The largest 2S RC battery I could find was 8Ah max.  There are bigger batteries out there but options are few.  The 800 pound gorilla in the room is the servo.  While we might be able to get away with a smaller servo, having the torque headroom makes me feel much better especially on a prototype.  Not to mention that worm gear, locking servos aren't too common so choices are limited.  A linear actuator might also be an option but they typically respond much slower than rotary servos and are heavy and expensive--I will do some research in this area. 

The other design difficulty if we try to mimic the current mechanical system, is that even while not trying to foil, we will constantly be using servo torque / battery power just to fight the flap's rubber "spring" to max out flap deflection on the main foil.  Soooo.....this leads me back to insisting on a self-locking servo so that we aren't using battery charge to max out flap deflection even when in irons. 

If a suitable self-locking servo was not able to be identified another options is to use a GPS to determine boat speed over ground and assume that it is equal to boatspeed through the water.  Yes, I know that doesn't take ocean current into account, but I think it's a small price to pay right now to extend battery life.  Ocean current could be taken into account at a later date with tide charts built into the firmware as well as heading data from the GPS or IMU.  We could also implement a button on the tiller extension that allowed the sailor to activate the foiling system when ready to fly.  My worry with a button is placement and wiring / cable harness.  Any thoughts here from the peanut gallery?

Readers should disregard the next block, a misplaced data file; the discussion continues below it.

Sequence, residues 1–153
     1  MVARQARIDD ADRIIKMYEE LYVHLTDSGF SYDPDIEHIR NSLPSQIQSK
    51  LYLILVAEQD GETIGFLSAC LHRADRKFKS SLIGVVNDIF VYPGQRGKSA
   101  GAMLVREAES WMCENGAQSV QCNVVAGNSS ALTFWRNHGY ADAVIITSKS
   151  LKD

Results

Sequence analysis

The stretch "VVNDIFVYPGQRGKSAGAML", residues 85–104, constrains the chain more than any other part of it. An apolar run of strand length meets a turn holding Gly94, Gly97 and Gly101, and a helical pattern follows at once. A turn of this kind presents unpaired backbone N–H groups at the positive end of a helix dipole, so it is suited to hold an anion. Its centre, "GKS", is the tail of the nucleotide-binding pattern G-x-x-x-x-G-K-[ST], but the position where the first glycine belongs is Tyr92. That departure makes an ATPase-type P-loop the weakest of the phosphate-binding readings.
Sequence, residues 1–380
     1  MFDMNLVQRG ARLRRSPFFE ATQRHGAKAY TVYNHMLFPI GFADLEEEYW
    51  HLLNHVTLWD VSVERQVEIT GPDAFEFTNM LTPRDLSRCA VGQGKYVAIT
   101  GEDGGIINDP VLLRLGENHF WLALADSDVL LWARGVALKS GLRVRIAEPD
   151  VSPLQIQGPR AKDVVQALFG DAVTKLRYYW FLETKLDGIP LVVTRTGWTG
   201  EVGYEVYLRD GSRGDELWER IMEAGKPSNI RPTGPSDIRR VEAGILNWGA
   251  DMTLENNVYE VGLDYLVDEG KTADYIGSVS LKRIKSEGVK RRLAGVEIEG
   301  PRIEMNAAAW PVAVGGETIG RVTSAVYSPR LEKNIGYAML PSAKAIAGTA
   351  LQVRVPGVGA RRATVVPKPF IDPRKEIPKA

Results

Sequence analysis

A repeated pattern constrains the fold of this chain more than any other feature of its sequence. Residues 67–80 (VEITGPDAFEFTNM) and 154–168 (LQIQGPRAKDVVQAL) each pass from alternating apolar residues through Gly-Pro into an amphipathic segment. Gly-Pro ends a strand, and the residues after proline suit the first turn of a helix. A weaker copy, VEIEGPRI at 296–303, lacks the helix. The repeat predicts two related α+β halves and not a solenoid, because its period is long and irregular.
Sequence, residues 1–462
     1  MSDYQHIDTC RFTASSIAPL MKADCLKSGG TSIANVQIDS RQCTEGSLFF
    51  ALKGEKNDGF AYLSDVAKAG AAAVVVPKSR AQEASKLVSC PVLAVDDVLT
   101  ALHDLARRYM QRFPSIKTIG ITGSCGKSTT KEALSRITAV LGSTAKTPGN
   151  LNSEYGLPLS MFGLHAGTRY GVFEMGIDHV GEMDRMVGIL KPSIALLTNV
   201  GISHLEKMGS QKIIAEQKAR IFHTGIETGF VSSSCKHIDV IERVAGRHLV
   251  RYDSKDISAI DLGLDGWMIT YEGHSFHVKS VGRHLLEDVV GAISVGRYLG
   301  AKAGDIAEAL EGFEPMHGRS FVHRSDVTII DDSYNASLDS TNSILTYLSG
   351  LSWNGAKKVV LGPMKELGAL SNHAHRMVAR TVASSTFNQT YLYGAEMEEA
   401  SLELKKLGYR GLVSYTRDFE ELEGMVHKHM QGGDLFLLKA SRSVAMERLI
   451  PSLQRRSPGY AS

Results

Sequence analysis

If we limit current draw to the servo until we are actually trying to foil, an 8Ah standard battery will give us about 90 minutes of foiling time under (close to) worst case power draw.  I would still like to see more battery life, but 90 minutes of time actually on the foils is quite a bit.  Hopefully, real world testing will tell us that we don't use as much power and can get closer to 2 hours of foiling time--we'll see.

 

Sampling and Filtering of Ultrasonic Sensor:

While out foiling a few days back it occured to me that simply using the sonar to look at current elevation is not really what we want.  We want to know what the "average" elevation is over a ~1m stretch of water.  This reduces the effect of wavelets or even small boat wake (big boat wake is a different story).  The other thing we need to be cautious of is false readings.  When looking at the sonar sensor output, I occasionally see 0.0cm readings.  Clearly, these erroneous readings need to be filtered.  As a result, I have decided to take 5 samples over a 1m distance (assuming 12 knots of boatspeed).  My code then takes the median value.  This mid-level vote (MLV) system comes close to the average of the readings and automatically eliminates outliers.  MLV systems are often used in redundant aircraft altimeters for this very reason.  The code is pretty flexible and if sample size or sample frequency needs to be updated it is not hard.

 

Data Logging:

Last thought of the post: we will probably need some data logging for the prototype phase.  Specifically, it will be useful to understand the delay between commanding a deflection on the foil flap and seeing the boat actually pitch up.  Understanding control loop delay will really help in tuning PID loops and eventually allow testing of algorithms to deal with more complex and challenging wave terrain.  I have put zero thought energy into how to implement the data logger, but it needs to be on the tech roadmap.   Thoughts?